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The Prevalence and Demographics of Hypertension

Monday, Dec 10 2007

  

Hypertension is not an equal opportunity disorder. That is, it affects persons with certain demographic characteristics more than persons without those characteristics. For example, there is a linear relation between blood pressure and age, and it is well known that hypertension proportionately affects persons of African ethnicity more than those of Caucasian ethnicity.

Incidence of essential hypertension is actually slightly lower among Mexican Americans despite the increased prevalence of obesity and diabetes among them (Fields et al., 2004; Sorel, Ragland, and Syme, 1991).

As depicted in Figure 1.3, prevalence rates increase with age, but this change is affected by both sex and race. During early adulthood, males have higher rates of hypertension than females, particularly among African Americans. However, in middle adulthood, prevalence rates for female African Americans rise above male African American rates, while males continue to have higher prevalence than females among Caucasian Americans. Finally, in older adulthood, females of both races have higher prevalence rates than males. Regardless of sex or race, however, it is easy to conclude that a significant number of Americans, particularly older Americans, can be diagnosed with high blood pressure. In the United States nearly one out of every three adults has high blood pressure (Fields et al., 2004). Estimates of high blood pressure are even higher in some other industrialized countries. For example, in Germany, Finland, and Spain roughly 44 percent of the adult population can be diagnosed with hypertension (Wolf-Maier et al., 2003), and in Japan the estimated prevalence of high blood pressure is as high as 73 percent among older adults (Curb et al., 1996).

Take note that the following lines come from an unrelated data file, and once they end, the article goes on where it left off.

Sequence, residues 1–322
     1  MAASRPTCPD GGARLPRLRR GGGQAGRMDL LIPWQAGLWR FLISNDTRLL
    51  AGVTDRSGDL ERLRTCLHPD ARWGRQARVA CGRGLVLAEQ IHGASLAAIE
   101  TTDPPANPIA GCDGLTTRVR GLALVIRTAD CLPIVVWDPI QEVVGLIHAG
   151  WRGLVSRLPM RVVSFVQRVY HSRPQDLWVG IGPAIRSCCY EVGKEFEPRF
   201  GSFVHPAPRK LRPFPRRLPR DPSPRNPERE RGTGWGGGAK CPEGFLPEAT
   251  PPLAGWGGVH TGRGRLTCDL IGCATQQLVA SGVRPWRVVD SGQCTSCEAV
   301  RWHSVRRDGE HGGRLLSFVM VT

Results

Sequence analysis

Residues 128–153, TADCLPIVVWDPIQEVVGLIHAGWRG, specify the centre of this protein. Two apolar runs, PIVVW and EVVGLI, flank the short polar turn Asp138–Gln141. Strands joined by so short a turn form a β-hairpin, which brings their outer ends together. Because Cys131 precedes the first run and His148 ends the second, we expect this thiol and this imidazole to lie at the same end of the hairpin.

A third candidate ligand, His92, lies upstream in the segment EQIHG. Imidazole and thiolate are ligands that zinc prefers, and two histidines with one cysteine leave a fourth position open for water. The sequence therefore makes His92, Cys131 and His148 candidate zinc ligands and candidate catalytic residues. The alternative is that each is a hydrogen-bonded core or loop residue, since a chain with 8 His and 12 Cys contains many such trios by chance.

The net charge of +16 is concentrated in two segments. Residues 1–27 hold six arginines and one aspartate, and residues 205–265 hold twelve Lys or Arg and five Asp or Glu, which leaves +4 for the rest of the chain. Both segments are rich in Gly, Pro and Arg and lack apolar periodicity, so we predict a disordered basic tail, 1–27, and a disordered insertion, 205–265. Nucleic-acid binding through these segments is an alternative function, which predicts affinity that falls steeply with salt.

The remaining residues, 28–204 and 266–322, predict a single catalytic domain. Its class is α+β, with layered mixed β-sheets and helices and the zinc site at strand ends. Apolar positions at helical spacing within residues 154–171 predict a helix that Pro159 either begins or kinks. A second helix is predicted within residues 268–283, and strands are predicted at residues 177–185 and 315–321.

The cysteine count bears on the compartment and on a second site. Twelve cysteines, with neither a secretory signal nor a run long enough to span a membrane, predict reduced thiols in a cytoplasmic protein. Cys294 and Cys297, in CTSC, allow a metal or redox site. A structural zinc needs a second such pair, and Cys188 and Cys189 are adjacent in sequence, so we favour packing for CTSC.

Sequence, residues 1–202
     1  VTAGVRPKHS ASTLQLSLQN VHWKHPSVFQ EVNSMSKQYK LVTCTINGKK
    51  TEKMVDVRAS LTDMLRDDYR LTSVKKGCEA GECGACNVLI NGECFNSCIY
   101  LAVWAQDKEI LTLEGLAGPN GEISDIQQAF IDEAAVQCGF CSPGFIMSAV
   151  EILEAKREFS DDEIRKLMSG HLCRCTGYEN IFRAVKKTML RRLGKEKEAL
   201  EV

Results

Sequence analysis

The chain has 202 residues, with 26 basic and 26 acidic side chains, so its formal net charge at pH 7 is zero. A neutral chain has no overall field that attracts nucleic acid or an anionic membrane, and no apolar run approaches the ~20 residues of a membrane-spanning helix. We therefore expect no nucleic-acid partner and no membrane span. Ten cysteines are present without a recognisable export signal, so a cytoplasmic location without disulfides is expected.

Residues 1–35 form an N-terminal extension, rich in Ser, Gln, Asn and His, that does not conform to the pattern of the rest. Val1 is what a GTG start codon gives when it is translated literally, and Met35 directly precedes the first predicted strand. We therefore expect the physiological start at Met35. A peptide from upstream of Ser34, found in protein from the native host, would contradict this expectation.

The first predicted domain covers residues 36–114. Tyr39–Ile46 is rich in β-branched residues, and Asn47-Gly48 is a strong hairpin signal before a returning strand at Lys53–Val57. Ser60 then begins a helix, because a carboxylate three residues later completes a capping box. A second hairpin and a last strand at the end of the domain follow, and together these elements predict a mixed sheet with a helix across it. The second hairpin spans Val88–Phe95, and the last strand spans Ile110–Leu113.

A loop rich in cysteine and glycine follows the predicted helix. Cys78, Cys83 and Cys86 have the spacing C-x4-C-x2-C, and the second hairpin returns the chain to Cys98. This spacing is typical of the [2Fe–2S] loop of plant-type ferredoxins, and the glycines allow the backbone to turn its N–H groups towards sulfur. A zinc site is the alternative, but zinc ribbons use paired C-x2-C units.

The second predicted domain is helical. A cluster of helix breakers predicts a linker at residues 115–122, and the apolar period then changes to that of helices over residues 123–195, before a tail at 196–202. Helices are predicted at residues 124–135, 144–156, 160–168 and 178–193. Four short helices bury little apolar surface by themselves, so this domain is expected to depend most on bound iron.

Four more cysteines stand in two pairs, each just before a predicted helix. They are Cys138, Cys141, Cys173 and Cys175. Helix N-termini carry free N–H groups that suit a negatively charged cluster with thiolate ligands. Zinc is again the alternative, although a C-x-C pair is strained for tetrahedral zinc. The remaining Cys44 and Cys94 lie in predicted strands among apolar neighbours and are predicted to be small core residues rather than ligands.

Regardless of prevalence differences pertaining to race or age, it is quite evident that hypertension is a very common medical problem. In fact, it is the most common primary diagnosis assigned during outpatient visits in the United States with over 35 million office visits to medical clinics annually (Cherry and Woodwell, 2002).

Figure 1.3. Prevalence of high blood pressure in Americans by age, sex, and race. Figure 1.3. Prevalence of high blood pressure in Americans by age, sex, and race. Adapted from M. Wolz et al., Statement from the National High Blood Pressure Education Program: Prevalence of hypertension, American Journal of Hypertension, 13, pp. 103-104.


Furthermore, data from the National Health and Nutrition Examination Surveys (NHANES) have revealed that about 30 percent of hypertensive patients in the community were not aware they had high blood pressure, and were therefore not receiving treatment (Burt et al., 1995). Of those community-dwelling adults who were being treated, only about a third of them had achieved good control of their hypertension with treatment.

Although some gradual improvement has been noted in identifying and treating hypertension over the past few decades, the condition still represents a significant medical problem for a large number of people.